The Harlem Renaissance
In the early 1900s, particularly in the 1920s, African-American literature, art, music, and dance began to flourish in Harlem, a section of New York City. This African-American cultural movement became known as "The New Negro Movement" and later as the Harlem Renaissance. More than a literary movement, the Harlem Renaissance redefined African-American expression. African-Americans were encouraged to celebrate their heritage. The main factors contributing to the development of the Harlem Renaissance were African-American urban migration, and the rise of radical African-American intellectuals. The Harlem Renaissance transformed African-American identity and history, but it also transformed American culture in general. Never before had so many Americans read the thoughts of African-Americans and embraced the African-American community's productions, expressions, and style.
William H. Johnson arrived in Harlem at the beginning of the renaissance. He had come to New York in 1918 from Florence, South Carolina, and became a student at the national Academy of Design. He remained there for five years, where he studied the teachings of George Luks and Charles Hawthorne. He would lead a lon career in art that would take him to places in North Africa and Europe in search of a permanent residence. It was through the influence of Hawthorne that Johnson traveled first to Paris in 1926, where he settled, painted, and studied the works of modern European masters."
Zora was born in Eatonville, Florida on January 7, 1891. Her mother died when Zora was a child, and her father John Hurston was a carpenter and Baptist preacher. Zora left Eatonville in 1917 to attend Morgan Academy in Baltimore and complete her high school requirements. She went on to Howard Prep School, Howard University, and Barnard College, where she completed her undergraduate education. While in New York, Hurston became well-known not only for her writing, but for her outspokenness, her distinct way of dress and her refusal to be ashamed of her culture. Like many other Black artists of the period, Zora received funds from white patrons and other organizations to do her work. But to some of her colleagues, this was just another reason to criticize her, even though many of them relied on the same patrons and organizations for funds. Hurston's most active years were the 1930s and early 1940s. Among other things, she was awarded a Guggenheim Fellowship, published four novels and an autobiography, and worked as a story consultant for Paramount Pictures. During the late 1940s, Zora published less and less. Her work was rejected with increasing frequency and she had to find other ways to make a living, including being a maid in Rivo Island, Florida. During that period she published an article in the Saturday Evening Post. She moved to Belle Glade, Florida in late 1950. She continued to write and publish including another article in the Saturday Evening Post. However, her finances and health faltered. Like many artists who were before their time, Zora lived her last few years in relative obscurity. In 1959 she suffered a stroke and had to enter the St. Lucie County Welfare home. She died there on January 28, 1960 and was buried in an unmarked grave in a segregated cemetery in Fort Pierce.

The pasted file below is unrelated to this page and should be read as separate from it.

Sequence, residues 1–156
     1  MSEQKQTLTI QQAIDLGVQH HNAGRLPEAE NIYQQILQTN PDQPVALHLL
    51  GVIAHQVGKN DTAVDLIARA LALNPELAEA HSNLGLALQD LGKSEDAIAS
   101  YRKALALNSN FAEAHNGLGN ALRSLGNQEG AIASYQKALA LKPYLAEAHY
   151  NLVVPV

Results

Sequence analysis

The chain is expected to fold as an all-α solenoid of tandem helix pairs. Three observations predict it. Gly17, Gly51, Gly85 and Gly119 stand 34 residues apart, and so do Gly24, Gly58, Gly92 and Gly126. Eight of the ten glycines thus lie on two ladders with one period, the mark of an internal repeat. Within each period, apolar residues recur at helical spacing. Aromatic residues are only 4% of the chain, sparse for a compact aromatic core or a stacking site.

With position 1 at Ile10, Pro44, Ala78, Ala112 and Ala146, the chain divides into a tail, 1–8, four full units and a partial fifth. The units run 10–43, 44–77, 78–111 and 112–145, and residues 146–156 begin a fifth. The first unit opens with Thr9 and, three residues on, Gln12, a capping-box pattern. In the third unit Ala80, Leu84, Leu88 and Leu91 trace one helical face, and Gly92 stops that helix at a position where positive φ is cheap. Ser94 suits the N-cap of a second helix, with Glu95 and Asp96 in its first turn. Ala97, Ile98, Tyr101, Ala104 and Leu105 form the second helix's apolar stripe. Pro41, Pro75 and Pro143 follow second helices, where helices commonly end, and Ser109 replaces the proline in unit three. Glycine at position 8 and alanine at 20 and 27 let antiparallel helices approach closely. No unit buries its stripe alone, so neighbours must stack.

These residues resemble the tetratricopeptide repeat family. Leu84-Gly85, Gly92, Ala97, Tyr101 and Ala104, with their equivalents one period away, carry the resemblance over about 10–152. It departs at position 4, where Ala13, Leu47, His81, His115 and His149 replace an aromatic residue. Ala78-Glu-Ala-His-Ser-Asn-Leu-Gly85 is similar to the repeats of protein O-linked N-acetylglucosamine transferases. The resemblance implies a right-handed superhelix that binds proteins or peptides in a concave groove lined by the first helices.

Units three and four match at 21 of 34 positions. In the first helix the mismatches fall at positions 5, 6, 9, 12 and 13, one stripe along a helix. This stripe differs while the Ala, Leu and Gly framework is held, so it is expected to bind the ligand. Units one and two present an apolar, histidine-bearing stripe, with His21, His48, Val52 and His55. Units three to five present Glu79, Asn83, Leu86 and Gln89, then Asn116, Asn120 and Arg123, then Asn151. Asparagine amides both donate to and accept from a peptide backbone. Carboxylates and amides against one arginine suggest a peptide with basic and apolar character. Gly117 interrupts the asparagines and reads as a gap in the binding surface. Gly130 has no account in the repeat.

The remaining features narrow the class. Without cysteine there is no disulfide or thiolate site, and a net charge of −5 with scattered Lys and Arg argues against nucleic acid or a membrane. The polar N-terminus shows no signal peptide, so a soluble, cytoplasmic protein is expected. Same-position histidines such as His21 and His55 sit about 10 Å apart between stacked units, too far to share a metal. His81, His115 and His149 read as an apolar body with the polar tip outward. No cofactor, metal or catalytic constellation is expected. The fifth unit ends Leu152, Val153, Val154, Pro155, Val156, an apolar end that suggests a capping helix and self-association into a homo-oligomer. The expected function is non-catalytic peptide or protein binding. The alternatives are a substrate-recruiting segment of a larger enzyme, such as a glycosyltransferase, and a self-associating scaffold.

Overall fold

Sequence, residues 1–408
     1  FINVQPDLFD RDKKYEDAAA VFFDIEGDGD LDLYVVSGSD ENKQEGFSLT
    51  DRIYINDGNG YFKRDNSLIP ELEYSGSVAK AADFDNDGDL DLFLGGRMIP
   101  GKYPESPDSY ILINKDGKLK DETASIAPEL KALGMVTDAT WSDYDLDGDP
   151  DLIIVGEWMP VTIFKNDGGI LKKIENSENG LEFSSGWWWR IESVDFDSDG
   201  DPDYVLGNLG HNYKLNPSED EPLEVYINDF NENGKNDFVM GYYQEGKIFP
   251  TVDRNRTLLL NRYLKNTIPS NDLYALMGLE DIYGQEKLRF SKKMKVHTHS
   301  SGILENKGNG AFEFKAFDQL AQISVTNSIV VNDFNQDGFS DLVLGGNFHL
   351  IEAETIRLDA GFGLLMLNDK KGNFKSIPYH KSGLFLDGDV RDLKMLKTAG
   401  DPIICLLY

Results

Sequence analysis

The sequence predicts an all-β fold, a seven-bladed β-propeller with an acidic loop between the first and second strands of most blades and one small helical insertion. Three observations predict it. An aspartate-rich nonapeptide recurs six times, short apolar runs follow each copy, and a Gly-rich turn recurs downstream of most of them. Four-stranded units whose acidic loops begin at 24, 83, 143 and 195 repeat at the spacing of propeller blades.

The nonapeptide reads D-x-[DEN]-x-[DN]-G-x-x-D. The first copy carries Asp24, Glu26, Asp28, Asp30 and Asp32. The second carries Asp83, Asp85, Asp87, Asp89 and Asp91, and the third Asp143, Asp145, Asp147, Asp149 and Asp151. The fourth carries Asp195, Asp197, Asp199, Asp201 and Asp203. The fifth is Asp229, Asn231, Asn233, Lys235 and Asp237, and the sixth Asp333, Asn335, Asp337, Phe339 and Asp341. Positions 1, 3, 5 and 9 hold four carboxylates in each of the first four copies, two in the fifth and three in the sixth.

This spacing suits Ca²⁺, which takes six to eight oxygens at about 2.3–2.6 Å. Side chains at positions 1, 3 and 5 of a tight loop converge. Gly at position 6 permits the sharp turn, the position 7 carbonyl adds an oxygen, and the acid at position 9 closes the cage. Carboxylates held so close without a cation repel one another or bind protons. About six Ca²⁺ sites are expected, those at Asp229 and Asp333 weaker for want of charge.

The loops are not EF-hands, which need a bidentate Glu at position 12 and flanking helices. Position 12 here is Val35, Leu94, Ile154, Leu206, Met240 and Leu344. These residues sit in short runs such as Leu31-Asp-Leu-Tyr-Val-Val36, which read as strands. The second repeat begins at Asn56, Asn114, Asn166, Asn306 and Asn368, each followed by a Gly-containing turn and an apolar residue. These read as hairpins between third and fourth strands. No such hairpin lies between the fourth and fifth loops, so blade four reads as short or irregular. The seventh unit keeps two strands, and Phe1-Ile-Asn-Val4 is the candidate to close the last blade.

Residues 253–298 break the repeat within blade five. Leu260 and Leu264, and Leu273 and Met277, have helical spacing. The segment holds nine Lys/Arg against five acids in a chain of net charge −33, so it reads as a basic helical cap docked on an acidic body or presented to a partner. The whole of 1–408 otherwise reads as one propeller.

The Harlem Renaissance was the most visible consequence of the first mass movement of African-Americans out of the Deep South during and following World War I. To blacks who had grown up in the culture of Jim Crow segregation the liberating effect of northern society, although not without many aspects of segregation, was truly exhilerating, to the mind and soul as well as to the pocket book. As the Delany sisters wrote in Having Our Say "Harlem was as close to Heaven as we were going to find on this Earth."
The young Richard Wright, who arrived from the Deep South in Chicago in 1927 took a job in
a restaurant. One of his earliest experiences that left an indelible impression on his sensibilities
was his astonishment to feel the body of a white waitress pressed against his as she drew a cup of coffee.
In the South, as he noted,
...the work of the hot and busy kitchen would have had to cease for the moment
so that I could have taken by tainted body far enough away to allow the Southern white girl a
change to get a cup of coffee. There lay a deep, emotional safety in knowing that the white girl who was now leaning
carelessly against me was not thinking of me, had no deep vague, irrational fright that made her feel that I was a creature to be avoided at all costs
...the work of the hot and busy kitchen would have had to cease for the moment so that I could have taken by tainted body far enough away to allow the Southern white girl a change to get a cup of coffee. There lay a deep, emotional safety in knowing that the white girl who was now leaning carelessly against me was not thinking of me, had no deep vague, irrational fright that made her feel that I was a creature to be avoided at all costs
For Wright and other southern blacks who left the South it was that relative "emotional safety" that made the North so different,
so exhilerating, and made Harlem "as close to Heaven as we were going to find on this Earth."
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